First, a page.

Short distance, high speed Rail Distribution of consumer goods
Over the last decade traffic congestion in urban areas has been growing. The increased volume of traffic makes European cities less accessible and causes extensive pollution of the environment. The retail trade contributes to this problem through the application of the “today for tomorrow” logistic concept, which causes a decrease in average load drop size and an increase in the frequency of deliveries. These two problems combine to cause problems for road transport. Railton believed that improvements in the system of rail distribution could be part of the solution to this problem. Rail transportation of goods has traditionally been considered to be only economically viable for distances over 250 kilometres. A demonstration project was planned to prove otherwise. By using a new logistic concept, introducing inter-regional (city to city) rail transport, linked to small (less polluting) delivery vans, an environmentally attractive alternative was to be created to replace heavy road transport. For the Dutch rail market alone, this could mean a reduction of 31 million road kilometres per year. To prove its economic and technical viability it was necessary to test this inter-modal transport over short distances
The objective of the project was to demonstrate the economic and technical feasibility of short distance (<100km) rail transport of consumer goods. This was to be achieved through the preparation and implementation of a pilot demonstration project, which would test a series of new techniques and processes. These would include a new logistic system for door-to-door transport, a new transport casing (urban box), the development of light railway transport equipment, new IT for the operation of the entire system, and a new trans-shipment terminal. The project was to be delivered in 6 phases:
- Phase 1: Detailed design
- Phase 2: Testing Period (also dissemination of results)
- Phase 3: Evaluation of the Testing Period (Decision to go ahead/adjustments)
- Pilot non-conditioned goods.
- Pilot conditioned goods, frozen goods.
- Evaluation and Dissemination of results.
The expected results of the project were a modal shift from road to rail transport in The Netherlands, a considerable reduction of truck kilometres (31 million in 2002, projected to be 155 million in 2010), resulting in a reduction of 57,000 tonnes of CO2 and 1,250 tonnes of NOx emissions in 2002 (or 285,000 tonnes of CO2 and 6,300 tonnes of NOx in 2010). It was also expected to lead to a decrease of 10 million litres per annum in gasoline usage. In the future, the use of electric vans for transport into the cities could also further reduce emissions and noise pollution.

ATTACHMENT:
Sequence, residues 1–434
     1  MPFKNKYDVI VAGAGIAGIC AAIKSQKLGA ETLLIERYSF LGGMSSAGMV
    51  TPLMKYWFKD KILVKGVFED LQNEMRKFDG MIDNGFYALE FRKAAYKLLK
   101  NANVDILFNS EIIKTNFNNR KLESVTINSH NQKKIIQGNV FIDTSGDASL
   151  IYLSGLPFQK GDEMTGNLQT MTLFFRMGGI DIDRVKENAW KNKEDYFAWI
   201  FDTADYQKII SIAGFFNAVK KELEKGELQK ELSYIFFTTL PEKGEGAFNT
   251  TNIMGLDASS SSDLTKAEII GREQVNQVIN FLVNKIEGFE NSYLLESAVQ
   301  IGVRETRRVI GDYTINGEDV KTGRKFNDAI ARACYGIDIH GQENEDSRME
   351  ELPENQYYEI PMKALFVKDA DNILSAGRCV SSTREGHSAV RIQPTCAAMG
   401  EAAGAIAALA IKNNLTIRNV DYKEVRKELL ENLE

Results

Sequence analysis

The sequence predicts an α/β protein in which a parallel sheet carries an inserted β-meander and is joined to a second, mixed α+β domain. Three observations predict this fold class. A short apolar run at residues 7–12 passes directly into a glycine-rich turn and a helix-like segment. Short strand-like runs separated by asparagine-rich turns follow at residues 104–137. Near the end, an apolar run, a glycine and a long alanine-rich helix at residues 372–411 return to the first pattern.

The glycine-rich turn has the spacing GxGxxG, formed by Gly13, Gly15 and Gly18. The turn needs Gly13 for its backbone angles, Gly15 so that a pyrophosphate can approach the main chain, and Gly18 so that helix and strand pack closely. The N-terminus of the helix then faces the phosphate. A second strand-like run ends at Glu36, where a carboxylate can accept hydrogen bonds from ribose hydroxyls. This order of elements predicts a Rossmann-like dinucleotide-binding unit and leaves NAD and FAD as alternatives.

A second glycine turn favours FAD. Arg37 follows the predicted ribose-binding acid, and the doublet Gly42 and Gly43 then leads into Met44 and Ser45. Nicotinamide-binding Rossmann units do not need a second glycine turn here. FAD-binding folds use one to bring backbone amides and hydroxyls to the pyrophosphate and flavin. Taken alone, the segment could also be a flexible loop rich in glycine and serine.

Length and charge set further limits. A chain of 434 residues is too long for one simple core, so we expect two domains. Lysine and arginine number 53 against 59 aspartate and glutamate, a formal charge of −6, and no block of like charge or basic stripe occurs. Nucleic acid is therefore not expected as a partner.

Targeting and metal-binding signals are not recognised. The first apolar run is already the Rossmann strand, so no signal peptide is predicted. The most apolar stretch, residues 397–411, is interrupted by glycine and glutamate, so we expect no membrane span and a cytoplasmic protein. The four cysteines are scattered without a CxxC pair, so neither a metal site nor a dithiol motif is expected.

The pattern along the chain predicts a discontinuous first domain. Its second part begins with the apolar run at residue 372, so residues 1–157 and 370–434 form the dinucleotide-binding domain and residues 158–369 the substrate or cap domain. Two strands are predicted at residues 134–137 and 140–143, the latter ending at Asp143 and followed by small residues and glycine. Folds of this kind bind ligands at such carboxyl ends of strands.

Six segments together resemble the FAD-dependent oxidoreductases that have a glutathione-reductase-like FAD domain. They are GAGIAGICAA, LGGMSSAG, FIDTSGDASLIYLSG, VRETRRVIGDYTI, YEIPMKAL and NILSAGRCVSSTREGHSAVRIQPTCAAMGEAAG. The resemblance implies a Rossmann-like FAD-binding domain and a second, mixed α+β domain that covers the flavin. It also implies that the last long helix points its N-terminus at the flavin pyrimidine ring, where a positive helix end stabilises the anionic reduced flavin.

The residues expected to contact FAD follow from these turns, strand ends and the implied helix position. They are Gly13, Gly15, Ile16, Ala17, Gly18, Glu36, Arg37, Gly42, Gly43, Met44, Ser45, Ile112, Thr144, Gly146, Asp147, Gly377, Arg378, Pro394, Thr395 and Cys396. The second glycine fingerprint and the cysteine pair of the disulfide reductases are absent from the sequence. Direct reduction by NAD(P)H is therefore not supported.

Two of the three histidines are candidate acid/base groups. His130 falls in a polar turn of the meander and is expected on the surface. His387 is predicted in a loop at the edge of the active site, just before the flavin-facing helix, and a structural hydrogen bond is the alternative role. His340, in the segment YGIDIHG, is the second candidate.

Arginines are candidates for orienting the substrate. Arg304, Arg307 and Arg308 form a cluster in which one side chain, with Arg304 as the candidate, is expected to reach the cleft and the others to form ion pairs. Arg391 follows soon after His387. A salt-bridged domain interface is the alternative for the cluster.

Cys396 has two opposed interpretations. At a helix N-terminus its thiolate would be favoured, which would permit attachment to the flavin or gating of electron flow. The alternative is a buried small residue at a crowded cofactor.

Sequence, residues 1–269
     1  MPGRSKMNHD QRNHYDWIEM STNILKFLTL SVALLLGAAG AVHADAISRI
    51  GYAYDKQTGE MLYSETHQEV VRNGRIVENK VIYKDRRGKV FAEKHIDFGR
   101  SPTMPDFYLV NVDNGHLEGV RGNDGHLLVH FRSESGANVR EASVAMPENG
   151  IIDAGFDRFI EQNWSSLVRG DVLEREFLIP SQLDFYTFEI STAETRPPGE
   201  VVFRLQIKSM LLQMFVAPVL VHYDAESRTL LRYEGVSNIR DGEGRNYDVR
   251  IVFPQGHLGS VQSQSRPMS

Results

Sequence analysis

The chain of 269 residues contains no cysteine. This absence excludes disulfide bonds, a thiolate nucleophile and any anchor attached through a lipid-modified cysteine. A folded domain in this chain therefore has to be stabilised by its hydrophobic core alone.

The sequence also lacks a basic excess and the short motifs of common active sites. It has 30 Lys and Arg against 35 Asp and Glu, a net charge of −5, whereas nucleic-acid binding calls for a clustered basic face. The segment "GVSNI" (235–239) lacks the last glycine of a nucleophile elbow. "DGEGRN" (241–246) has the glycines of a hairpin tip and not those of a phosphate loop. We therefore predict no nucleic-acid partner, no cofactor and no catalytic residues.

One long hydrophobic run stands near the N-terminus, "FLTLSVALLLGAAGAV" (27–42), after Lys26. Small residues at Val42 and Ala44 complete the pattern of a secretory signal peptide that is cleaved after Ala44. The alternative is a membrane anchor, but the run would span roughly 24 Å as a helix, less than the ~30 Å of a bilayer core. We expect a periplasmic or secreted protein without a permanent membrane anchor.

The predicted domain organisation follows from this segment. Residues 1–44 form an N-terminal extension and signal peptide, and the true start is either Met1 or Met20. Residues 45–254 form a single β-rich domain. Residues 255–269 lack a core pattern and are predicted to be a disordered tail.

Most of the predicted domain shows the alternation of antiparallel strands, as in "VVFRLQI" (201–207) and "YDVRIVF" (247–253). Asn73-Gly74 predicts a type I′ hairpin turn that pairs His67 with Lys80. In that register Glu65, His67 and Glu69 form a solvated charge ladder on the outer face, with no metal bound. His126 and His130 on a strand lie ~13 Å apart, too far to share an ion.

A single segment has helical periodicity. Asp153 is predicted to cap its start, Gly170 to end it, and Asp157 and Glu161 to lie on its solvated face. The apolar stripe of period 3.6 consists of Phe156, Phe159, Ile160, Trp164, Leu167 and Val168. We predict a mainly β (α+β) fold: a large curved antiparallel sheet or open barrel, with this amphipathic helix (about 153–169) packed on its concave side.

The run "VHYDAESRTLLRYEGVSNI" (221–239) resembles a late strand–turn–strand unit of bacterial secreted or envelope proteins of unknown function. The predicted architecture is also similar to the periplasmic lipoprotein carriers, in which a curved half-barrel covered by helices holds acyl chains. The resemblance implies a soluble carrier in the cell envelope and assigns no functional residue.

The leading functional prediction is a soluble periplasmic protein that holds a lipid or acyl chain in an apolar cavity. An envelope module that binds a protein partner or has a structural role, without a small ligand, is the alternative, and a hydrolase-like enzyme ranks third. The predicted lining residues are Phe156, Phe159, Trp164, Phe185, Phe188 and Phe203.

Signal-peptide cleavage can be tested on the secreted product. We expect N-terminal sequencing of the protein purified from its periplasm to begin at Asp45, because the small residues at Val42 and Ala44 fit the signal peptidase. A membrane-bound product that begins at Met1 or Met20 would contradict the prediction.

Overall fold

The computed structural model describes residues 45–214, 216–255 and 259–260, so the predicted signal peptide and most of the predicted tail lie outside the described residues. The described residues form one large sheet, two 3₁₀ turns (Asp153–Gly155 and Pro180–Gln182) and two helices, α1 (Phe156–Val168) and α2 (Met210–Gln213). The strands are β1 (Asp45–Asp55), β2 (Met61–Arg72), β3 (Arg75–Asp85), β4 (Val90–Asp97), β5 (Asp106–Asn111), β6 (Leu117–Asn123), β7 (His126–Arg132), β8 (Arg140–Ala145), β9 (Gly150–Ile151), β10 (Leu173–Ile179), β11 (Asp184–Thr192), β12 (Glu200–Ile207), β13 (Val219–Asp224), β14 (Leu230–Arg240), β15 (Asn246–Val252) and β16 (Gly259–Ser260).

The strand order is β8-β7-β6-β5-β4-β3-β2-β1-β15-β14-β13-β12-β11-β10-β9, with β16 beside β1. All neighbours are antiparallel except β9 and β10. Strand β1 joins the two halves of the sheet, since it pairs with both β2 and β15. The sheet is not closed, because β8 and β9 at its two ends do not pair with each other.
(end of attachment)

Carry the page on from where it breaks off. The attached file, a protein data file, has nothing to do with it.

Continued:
Railton stopped the project in October 2000 before the start of the pilot phase (phase 4), and therefore before its main objectives were achieved. This was due to the emergence of a series of technical problems, which included: increased rail passenger transport reducing the availability of rail slots, and low-noise requirements and the need to obtain local permits. As a result of these issues the projected costs rose, making the level of risk unacceptable for the Company.
However, several important results were achieved, including:
- Raising awareness of the concept of inter-modal cargo transport. A major retail company has started to develop a similar box.
- Completion of much of the preparatory groundwork, including: the specifications of the IT system, CD Rom for virtual demonstration, detailed test module for the logistic process, four prototype distribution boxes, and the trans-shipment and terminal studies.
The area of modular shift transport clearly has an important role to play in reducing congestion in European cities and it is possible that other transport operators might be interested in the preparation work. The problems encountered are largely associated with the high population density and intensive use of infrastructure in The Netherlands. In other countries, where circumstances are different, the additional costs necessary to run the pilot could be avoided and so the project could operate competitively with road transport, making it economical feasible.
The specially designed 10 ft boxes could also be used in future projects, both in rail transport and in intermodal transport. The logistic concept is not exclusively designed for a typical Dutch situation. Almost every city in Europe has congestion problems and is connected to a rail network. The logistic project is therefore also suitable for other European urban areas that suffer from traffic congestion. Examples of such regions are the areas around Antwerp, Paris, London and the Ruhr.
There is now sufficient documentation to run the pilot project. Railion is still in contact with several potential customers and has learned from these customers that there is still a need for a project like this. The problems encountered in 2000 are anticipated to be solved in the near future. When partners are found a follow up to this project is likely, in which case the knowledge acquired will be essential.
- Groenewout (logistics and transport specialist)
- Iquip (IT and software development specialist)